Greg Skinner (firstname.lastname@example.org) is a communications consultant and marketing columnist who specializes in the kids market. He also admits to having an unhealthy obsession with the World Wide Web. KidScreen asked Skinner to do some browsing on our behalf and report on some of the more interesting kids sites as seen from the eye of a near-kid himself.
Success has everything to do with a strong identity and the rule applies to Web sites. Ultimately, any site is just a source of stimuli, but you can see that the best sites have come to terms with what they are and what it is they have to offer.
Site schizophrenia and confusion are rampant because any site has the potential to be any or all of a million different things. Unlike existing media, which are highly familiar and well defined, the Internet has the general population on a learning curve, and Web sites are only thinking about delineating boundaries.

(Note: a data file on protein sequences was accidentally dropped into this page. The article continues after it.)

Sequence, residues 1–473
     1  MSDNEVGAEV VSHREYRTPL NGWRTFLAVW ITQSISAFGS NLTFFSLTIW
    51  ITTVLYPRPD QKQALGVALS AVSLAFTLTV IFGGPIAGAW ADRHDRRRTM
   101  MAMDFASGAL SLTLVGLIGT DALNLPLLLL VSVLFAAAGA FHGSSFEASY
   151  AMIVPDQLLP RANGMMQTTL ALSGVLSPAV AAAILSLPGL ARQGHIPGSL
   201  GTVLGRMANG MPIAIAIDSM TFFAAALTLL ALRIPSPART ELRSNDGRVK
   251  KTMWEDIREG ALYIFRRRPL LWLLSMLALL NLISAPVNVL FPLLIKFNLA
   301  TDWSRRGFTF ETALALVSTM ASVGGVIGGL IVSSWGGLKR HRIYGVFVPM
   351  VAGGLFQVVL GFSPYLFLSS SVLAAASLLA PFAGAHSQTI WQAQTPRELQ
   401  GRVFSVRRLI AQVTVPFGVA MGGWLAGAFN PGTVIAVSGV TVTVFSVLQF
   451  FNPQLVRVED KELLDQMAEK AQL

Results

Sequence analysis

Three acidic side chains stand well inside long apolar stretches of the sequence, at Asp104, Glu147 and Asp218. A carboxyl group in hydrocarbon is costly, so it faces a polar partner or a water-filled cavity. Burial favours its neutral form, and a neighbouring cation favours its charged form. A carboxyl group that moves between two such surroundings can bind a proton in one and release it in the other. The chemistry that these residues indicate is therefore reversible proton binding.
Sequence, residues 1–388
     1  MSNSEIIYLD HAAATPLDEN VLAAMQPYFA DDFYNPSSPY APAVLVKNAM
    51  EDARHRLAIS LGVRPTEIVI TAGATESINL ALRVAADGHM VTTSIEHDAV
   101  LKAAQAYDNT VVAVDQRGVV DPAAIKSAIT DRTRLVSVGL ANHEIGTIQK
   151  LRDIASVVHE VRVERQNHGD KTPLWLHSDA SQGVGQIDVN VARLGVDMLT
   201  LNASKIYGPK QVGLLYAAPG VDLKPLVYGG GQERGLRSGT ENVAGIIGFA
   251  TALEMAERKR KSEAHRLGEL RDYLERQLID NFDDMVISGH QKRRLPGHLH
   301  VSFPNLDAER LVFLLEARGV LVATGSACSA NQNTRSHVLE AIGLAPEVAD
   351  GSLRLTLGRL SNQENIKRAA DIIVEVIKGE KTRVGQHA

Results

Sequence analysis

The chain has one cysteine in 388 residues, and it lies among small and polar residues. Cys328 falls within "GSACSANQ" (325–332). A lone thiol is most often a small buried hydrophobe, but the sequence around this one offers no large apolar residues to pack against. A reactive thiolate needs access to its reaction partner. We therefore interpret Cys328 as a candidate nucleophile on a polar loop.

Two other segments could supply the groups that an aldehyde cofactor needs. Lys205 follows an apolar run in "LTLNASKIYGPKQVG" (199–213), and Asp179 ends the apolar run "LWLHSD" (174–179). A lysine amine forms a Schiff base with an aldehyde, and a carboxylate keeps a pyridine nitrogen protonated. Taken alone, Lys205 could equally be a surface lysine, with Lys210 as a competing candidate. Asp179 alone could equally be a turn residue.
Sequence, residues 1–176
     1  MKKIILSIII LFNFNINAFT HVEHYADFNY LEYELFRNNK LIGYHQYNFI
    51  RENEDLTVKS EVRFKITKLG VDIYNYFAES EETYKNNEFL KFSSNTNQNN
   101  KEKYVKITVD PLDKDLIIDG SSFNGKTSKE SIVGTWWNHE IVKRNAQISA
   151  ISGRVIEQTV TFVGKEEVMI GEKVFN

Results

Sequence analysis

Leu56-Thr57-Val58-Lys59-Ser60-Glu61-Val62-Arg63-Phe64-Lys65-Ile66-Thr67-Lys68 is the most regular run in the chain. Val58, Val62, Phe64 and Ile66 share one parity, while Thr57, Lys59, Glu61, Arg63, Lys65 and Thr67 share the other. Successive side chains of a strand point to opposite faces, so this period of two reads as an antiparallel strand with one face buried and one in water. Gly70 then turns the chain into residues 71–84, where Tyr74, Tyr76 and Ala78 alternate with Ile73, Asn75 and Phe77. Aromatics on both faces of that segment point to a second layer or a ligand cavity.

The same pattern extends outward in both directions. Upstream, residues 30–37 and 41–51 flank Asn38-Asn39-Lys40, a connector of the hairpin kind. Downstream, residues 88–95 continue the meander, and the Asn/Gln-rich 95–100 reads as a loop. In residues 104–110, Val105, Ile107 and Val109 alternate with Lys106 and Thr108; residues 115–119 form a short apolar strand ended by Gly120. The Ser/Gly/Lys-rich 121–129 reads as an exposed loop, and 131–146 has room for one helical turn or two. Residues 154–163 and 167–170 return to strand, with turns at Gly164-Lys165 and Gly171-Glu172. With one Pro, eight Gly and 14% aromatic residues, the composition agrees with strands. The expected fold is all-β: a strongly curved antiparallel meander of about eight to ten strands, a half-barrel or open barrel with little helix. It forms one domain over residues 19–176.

Good sites won’t necessarily cater to visitor preconceptions about what they should be and, in fact, usually do the opposite. But, when a site misses the target, you see things like on-line magazines simply functioning as magazines that are on-line, instead of the awesome entertainment and information powerhouses they could be.
Many site designers fail to recognize that the appealing elements of the original product often smoothly make the transition to the virtual realm. (For example, the innate attributes of comic books remain at a good Web site.) Ignoring this, they proceed to formulate images instead of identities. Sites that kick have structure and provide platforms from which content can effectively operate.
Kids are the ultimate stimulation freaks and thrive on information bombardment. They’re quick to form an opinion about why they like something. A site in disguise is fronting and will be discarded when its weaknesses quickly surface. A site true to what it claims openly offers the choice to explore. At the very least, a visitor will respect you for that.
The test for most products will be making the transition to the virtual world. Passing the test will come from knowing who you really are and, only when it’s tight will the fun really begin.